I never thought I’d say this, but man, do I miss the Tour de France.
From Aug. 29 to Sept. 20, minus those two Blue Monday rest days, it was my late-night routine. I’d check in with NBC Sports online and sit mesmerized by the whirring chains and rolling tires, the colorfully clad if nearly skeletal riders in saddle, the greenery and farm fields, the buttressed churches and crumbling castles of the French countryside, to say nothing of the masked and numerically diminished but still game and occasionally costumed fans crowding the roadways of a land I’ve never visited and wonder if I ever will.
The fact that I don’t have cable for live viewing meant this was no mere background comfort in troubled times, the way some people will put golf on the television as a relaxant, with its birdsong, hushed galleries, and murmuring announcers. No, I was relegated to 20-minute highlights on my laptop each night, for each of the 21 tour stages, and that was enough, so skillful was the editing, so eye-pleasing the camerawork.
The videotaping motorcycles are famously, almost intrusively part of the race, capturing grueling mountain ascents and hair-raising, barely controlled descents, but I don’t know when I’ve seen better sporting use of aerial shots, as the peloton surged amoeba-like through villages or was cleaved as it negotiated monuments and traffic circles, or simply pounded away beside barge-coursed rivers.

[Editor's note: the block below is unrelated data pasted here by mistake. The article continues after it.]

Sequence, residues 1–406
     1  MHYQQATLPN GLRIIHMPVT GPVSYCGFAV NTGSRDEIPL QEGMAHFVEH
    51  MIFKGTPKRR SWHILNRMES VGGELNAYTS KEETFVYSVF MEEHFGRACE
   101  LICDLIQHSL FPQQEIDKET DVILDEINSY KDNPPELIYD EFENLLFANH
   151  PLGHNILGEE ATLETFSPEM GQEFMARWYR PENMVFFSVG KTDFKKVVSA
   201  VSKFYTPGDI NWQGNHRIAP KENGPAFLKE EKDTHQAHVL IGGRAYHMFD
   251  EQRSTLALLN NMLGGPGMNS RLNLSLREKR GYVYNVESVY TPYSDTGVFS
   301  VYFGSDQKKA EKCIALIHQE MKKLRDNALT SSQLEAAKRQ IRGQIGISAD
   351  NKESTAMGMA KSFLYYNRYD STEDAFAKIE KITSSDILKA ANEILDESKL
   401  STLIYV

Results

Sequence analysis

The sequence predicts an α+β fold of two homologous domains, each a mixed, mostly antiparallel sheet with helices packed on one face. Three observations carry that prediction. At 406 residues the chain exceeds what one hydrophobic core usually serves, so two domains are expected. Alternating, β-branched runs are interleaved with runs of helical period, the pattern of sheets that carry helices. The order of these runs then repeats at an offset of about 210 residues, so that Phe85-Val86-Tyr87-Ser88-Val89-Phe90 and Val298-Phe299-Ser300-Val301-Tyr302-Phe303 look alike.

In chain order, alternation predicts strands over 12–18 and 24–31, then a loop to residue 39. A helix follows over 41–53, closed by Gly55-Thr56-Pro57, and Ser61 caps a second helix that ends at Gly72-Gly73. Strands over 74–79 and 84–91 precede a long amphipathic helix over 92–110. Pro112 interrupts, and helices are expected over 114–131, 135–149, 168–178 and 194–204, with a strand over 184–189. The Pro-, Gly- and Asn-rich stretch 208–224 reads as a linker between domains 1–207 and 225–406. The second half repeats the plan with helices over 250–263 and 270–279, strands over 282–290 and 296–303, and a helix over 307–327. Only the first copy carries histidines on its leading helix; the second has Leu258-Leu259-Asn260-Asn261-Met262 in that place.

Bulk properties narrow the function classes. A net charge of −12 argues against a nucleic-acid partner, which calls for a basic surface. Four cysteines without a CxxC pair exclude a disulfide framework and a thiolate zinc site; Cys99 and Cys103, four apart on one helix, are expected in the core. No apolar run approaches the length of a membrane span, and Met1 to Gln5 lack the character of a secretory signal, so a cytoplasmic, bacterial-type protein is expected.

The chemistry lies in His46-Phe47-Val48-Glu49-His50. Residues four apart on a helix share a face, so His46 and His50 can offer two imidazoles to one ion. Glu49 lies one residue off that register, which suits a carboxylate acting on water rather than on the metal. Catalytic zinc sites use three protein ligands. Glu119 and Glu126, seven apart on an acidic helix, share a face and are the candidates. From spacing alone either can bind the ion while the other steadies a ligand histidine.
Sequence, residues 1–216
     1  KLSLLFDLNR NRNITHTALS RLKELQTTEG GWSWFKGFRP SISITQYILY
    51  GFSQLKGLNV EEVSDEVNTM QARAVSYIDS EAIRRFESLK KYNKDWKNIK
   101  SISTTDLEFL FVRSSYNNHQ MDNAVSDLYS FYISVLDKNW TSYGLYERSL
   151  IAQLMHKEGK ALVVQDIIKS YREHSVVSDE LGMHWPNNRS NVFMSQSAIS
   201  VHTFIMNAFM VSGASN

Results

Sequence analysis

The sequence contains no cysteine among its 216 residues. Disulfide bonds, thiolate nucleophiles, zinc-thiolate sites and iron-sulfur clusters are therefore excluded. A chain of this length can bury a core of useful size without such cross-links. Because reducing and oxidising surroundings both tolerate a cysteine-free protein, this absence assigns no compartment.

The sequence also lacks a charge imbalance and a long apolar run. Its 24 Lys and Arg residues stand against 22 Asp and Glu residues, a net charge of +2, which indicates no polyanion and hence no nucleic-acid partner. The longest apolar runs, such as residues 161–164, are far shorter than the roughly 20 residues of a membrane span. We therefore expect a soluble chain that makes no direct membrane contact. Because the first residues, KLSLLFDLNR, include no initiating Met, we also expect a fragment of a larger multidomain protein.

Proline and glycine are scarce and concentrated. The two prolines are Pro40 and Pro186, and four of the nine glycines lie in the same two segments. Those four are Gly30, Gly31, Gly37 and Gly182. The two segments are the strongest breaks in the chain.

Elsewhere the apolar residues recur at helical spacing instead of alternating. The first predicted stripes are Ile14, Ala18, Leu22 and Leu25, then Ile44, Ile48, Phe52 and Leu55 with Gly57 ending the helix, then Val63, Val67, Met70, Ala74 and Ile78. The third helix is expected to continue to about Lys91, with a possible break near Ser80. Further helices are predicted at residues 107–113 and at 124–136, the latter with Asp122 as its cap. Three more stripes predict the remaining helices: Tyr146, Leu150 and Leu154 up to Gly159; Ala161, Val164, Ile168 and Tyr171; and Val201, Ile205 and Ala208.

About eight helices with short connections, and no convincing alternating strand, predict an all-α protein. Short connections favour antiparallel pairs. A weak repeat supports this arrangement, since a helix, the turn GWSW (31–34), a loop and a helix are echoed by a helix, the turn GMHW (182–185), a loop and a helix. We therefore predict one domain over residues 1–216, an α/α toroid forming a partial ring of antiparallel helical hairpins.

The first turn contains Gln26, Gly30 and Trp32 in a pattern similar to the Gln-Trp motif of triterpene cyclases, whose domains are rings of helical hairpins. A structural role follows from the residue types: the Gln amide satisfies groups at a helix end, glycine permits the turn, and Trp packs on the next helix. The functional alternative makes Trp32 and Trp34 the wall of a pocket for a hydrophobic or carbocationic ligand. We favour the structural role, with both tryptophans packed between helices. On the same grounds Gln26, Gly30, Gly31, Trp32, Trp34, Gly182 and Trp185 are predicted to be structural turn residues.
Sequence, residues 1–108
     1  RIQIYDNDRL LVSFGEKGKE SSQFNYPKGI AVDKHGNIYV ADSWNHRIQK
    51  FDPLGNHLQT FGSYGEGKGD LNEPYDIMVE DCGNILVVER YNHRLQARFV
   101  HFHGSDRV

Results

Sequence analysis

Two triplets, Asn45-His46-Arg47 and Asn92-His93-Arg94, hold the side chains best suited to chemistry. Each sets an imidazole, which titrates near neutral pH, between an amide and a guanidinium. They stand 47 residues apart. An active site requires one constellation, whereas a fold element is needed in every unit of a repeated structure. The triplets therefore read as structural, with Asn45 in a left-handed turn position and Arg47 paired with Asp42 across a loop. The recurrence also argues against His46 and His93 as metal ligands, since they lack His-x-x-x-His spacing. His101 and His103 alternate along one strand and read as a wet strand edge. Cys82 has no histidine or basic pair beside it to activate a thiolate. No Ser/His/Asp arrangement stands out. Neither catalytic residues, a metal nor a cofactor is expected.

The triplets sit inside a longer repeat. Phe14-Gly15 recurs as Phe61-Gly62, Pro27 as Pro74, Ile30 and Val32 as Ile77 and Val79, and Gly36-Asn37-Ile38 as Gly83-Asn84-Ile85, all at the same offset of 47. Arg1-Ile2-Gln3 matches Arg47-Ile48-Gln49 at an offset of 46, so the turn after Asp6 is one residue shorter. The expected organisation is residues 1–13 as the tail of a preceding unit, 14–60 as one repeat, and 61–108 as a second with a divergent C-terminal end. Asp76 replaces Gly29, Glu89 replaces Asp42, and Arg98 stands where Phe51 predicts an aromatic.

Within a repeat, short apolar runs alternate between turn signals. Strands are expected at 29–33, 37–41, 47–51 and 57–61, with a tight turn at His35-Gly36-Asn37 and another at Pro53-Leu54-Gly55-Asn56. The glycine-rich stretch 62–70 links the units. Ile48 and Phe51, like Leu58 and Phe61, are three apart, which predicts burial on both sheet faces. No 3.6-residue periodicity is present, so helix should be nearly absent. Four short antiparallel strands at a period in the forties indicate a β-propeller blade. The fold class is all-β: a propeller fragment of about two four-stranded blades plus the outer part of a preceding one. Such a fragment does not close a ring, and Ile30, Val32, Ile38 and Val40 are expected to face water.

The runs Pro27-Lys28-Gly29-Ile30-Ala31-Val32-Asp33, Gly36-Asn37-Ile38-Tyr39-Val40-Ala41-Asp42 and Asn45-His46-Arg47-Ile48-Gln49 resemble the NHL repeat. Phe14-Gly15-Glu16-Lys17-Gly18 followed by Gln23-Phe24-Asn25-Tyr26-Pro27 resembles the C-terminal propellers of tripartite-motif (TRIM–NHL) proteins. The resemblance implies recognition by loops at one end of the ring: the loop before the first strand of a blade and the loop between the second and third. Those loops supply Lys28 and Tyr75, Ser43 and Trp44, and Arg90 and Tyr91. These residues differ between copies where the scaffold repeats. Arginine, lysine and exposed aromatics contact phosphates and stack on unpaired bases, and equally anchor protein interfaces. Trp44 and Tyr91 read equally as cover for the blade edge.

“It’s been a tough week for the 150 survivors of the Tour de France” was a typical introduction from the amiable British host, Phil Liggett, as the riders prepared to leave the Alps on Stage 18, “and alongside me, well, not quite, as I say, but in the U.S.A.,” working remotely, that is, “is Bob Roll,” who clearly shares Liggett’s engaging joy in the sport, and might be the best color commentator going, with his mix of jargon-free enthusiasm and remarkable knowledge, given the sheer number of participants and the subtlety of the time rules and team strategies.
So, yeah, I’m a fan.
It all went off better than expected, what with the pandemic restrictions, the unprecedented turning point coming on the next-to-last day, Saturday, as one Slovene rider, Tadej Pogacar, “in all sorts of agony,” hammered the pedals to surpass a countryman, Primoz Roglic, for two weeks the leader and expected winner, with an epic 22.5-mile ride in the mountain time trial, opening up a 59-second gap.
All of 21 years old, Pogacar, in a final interview after he’d won the whole shebang Sunday, was humble, maybe even morose, in a Central European way, as he curiously bad-mouthed another celebration that happened to fall the following day: “Sorry, but I’m not really a fan of my birthday.”
Call it a deflection of the spotlight. And now my own attention must turn to finding a way to stream the French Open.